• 40 Rita Kempley
    Bad movies have a way of writing their own epitaphs.
    • 51 Metascore
    • 40 Rita Kempley
    Tired conventions, hoary themes and obvious conclusions.
    • 53 Metascore
    • 40 Rita Kempley
    Tea With Mussolini is really about the first women in the Italian director's life. It's drawn from a single chapter of his book but suffers from a lack of focus. None of these great ladies is willing to give up center stage; nor, for that matter, are the grande dames who bring them so vividly to life.
    • 42 Metascore
    • 40 Rita Kempley
    Hardware doesn't make a movie; characters, be they Blawp or human, do. And as so often happens with such outsize undertakings, they are overwhelmed by the gizmos. Technology, one. Astros, naught.
    • 66 Metascore
    • 40 Rita Kempley
    The region's stark beauty and the filmmaker's eye for composition compensate somewhat for its predictability and obvious if misguided feminist agenda.
    • 49 Metascore
    • 40 Rita Kempley
    A mite sluggish.
    • 60 Metascore
    • 40 Rita Kempley
    He's slightly more articulate than usual, but the lines still fall from his lips like beaten boxers to the mat. Not that it much matters, given the constant mayhem.
    • 42 Metascore
    • 40 Rita Kempley
    Despite its hopeful title and a warm inland location, this dawdling family dramedy proves as sodden as a bed-wetter's mattress.
    • 62 Metascore
    • 40 Rita Kempley
    In some ways, Contact is just like the universe: big, star-bright and seemingly endless. Not to mention that it begins with a big bang, gradually falls into a lull and finally succumbs to entropy.
    • 35 Metascore
    • 40 Rita Kempley
    He's obsessed with the physical details instead of the human emotions. The actors are really just part of the scenery.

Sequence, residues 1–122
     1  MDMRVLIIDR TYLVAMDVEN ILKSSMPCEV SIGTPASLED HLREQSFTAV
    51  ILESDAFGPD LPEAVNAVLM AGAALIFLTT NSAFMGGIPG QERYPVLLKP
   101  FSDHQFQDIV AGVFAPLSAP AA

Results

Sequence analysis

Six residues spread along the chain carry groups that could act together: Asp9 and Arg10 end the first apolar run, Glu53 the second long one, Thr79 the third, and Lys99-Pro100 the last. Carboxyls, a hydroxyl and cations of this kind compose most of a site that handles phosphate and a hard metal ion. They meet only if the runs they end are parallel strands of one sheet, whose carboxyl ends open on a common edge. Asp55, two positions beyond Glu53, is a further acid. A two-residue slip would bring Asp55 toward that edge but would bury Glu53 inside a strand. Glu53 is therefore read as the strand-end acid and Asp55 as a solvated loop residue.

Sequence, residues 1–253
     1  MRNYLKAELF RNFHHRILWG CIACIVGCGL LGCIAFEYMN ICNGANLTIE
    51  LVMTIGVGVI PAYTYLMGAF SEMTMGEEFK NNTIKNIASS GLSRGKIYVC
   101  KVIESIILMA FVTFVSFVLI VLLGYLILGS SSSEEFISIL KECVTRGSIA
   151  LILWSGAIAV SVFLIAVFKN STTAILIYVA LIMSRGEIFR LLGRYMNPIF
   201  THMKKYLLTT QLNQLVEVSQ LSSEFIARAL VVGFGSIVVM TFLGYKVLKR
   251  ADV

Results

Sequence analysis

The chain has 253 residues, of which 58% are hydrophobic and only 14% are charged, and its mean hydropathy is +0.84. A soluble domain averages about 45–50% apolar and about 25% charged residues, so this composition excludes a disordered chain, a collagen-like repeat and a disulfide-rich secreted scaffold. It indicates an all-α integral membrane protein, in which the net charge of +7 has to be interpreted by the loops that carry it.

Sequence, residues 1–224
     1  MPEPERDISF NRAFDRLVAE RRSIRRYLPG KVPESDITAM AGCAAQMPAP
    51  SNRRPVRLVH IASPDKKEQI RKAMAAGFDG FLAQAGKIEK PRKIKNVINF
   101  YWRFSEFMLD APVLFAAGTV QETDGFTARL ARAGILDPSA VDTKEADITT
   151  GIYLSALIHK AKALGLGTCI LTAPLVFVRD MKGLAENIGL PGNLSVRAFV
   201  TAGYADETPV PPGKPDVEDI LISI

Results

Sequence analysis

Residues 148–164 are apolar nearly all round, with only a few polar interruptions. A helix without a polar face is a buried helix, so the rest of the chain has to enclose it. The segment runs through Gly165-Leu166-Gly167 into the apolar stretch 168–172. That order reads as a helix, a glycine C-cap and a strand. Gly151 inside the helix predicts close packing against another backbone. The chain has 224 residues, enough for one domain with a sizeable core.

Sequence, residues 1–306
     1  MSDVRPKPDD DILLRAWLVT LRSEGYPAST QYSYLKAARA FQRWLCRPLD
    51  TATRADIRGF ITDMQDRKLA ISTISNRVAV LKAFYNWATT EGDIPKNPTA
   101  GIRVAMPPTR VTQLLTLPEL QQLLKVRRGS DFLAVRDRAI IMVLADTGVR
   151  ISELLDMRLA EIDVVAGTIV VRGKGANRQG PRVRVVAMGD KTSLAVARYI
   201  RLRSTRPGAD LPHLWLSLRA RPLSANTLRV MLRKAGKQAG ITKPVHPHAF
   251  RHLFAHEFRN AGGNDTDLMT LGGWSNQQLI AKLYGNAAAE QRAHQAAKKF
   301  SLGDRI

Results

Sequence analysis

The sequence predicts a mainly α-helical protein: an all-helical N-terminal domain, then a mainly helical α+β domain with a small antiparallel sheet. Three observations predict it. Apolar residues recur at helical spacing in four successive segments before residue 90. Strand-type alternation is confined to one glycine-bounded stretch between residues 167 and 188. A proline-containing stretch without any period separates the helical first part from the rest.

• 45 Metascore
    • 40 Rita Kempley
    Alas, it's too coarsely drawn and broadly directed by Brit Jonathan Lynn to effectively skewer what ought to have been an easy target.
    • 44 Metascore
    • 40 Rita Kempley
    Unfortunately, the filmmaking couple take the fetishistic masquerade far too seriously. They may describe it as a "departure" from traditional fare, but it's simply the same old action-packed guff.
    • 36 Metascore
    • 40 Rita Kempley
    It couldn't be any less revolutionary in style. It is straighter than a guitar string.
    • 51 Metascore
    • 40 Rita Kempley
    Sparse and implausible screenplay.
    • 55 Metascore
    • 40 Rita Kempley
    Hardly a real pip (indeed, it has been rendered Pip-less), but then this loosey-goosey adaptation isn't aimed at those of us with library cards.
    • 51 Metascore
    • 40 Rita Kempley
    The Empire strikes out.
    • 42 Metascore
    • 40 Rita Kempley
    The story's tired, as are the main characters.
    • 55 Metascore
    • 40 Rita Kempley
    Producer Ismail Merchant, director James Ivory and screenwriter Ruth Prawer Jhabvala bring the customary polish, but no pizzazz, to this simplistic portrait of the artist as a dirty old man.